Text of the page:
Turn Threat into Challenge: How to Retrain Your Stress Appraisal and Response
Like any voluntary activity of your nervous system, you can retrain your appraisal and response to potential stress. First, you need to become consciously aware of how you are appraising the situation. When you feel stressed out, consider the situation objectively and ask yourself:
First: Could this situation cause me harm or loss, or is there potential benefit?
Second: Am I capable of handling this situation?
If you’re able to answer “yes” to the second question, you will immediately begin to react to the situation as a challenge instead of a threat. You’ll stop worrying about it, you’ll visualize yourself succeeding, and you’ll imagine how confident you’ll feel when you’ve completed the task.
In addition to retraining your appraisal, you can change how you interpret your physiological stress response. If you’re in threat mode, the adrenaline rush feels scary. You subconsciously associate the sensations of your heart racing, blood pumping, and trying to catch your breath with fear, and you instinctively want to decrease the sensations or avoid them completely. But if you notice those sensations and instead think of them as helpful, you can quickly shift into challenge mode.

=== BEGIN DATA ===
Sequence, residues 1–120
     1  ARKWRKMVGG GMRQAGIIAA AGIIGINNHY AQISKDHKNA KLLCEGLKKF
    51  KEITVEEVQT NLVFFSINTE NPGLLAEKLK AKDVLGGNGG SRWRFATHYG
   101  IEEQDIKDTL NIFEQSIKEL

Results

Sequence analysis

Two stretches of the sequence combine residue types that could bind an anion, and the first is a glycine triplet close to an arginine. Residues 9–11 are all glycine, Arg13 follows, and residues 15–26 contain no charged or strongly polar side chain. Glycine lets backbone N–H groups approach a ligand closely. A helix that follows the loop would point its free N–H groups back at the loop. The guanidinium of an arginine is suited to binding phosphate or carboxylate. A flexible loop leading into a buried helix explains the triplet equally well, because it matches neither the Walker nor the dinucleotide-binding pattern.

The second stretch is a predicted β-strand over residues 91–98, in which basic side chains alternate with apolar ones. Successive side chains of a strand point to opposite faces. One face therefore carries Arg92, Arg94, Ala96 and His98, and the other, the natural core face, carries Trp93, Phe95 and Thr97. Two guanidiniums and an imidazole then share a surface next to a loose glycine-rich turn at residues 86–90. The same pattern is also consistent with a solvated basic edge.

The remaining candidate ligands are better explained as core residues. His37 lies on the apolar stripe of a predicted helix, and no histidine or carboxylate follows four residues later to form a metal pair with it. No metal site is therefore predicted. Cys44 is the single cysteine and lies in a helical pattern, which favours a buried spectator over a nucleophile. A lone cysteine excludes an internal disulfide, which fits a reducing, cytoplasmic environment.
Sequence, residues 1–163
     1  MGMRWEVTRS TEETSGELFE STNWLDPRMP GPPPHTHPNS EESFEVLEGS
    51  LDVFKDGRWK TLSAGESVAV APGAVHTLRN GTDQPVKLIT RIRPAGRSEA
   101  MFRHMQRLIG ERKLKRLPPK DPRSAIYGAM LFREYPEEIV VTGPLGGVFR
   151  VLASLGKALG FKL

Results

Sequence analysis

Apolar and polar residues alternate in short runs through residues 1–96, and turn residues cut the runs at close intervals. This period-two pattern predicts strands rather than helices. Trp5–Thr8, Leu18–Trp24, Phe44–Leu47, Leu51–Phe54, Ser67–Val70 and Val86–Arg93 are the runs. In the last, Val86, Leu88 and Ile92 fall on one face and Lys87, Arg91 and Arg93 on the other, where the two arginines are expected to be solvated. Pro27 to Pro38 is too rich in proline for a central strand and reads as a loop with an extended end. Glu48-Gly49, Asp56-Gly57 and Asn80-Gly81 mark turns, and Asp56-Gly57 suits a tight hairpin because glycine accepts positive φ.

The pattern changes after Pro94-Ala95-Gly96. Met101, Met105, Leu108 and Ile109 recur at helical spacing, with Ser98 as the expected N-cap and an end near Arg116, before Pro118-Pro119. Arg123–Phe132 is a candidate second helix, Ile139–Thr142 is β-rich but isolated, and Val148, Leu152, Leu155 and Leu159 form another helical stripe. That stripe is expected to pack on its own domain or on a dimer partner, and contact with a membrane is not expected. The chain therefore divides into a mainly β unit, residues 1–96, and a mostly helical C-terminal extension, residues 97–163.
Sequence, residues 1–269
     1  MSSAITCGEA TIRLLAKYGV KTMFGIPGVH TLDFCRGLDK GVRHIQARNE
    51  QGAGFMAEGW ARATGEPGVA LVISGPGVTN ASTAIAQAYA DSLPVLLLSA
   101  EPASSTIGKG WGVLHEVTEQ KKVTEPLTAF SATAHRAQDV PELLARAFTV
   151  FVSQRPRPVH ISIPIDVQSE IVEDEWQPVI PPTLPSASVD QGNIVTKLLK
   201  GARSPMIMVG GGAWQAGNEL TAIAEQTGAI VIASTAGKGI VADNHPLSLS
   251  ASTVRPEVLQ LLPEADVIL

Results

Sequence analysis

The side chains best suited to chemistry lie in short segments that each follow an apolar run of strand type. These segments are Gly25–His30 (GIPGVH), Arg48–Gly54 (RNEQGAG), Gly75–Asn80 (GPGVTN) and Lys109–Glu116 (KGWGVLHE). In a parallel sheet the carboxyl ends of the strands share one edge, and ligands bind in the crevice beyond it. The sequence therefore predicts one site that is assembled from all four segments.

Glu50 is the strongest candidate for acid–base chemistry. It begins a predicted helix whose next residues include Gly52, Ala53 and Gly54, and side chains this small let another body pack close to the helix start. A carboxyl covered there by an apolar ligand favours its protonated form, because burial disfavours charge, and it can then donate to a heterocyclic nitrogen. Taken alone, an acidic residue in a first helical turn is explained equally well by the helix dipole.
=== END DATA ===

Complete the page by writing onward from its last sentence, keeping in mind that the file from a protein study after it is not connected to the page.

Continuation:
Researchers have used public speaking and written tests to find out how changing our appraisal of stress-induced arousal immediately changes our cardiovascular activity, attitude, and performance. In one study, when people were told that their arousal was functional and would improve their performance, they had improved cardiovascular functioning and fewer negative emotions. Another study found that when people were told that their arousal would improve their performance, they scored higher on the GRE-math section—both in a laboratory and one to three months later when they actually took the exam.
So when you feel your heart pounding and your blood pumping faster, know that your body is preparing for action. When you’re breathing heavily, know that your blood is bringing more oxygen to your brain and muscles. Instead of fear, let yourself feel excitement. Your physiological stress response is a sign that you care about a situation, and your body is preparing you to engage and succeed.
Rather than trying to avoid the arousal, go with it. Use your stress response to your advantage.
Instead of anticipating failure, anticipate success. Are you capable of handling this? Yes, you are!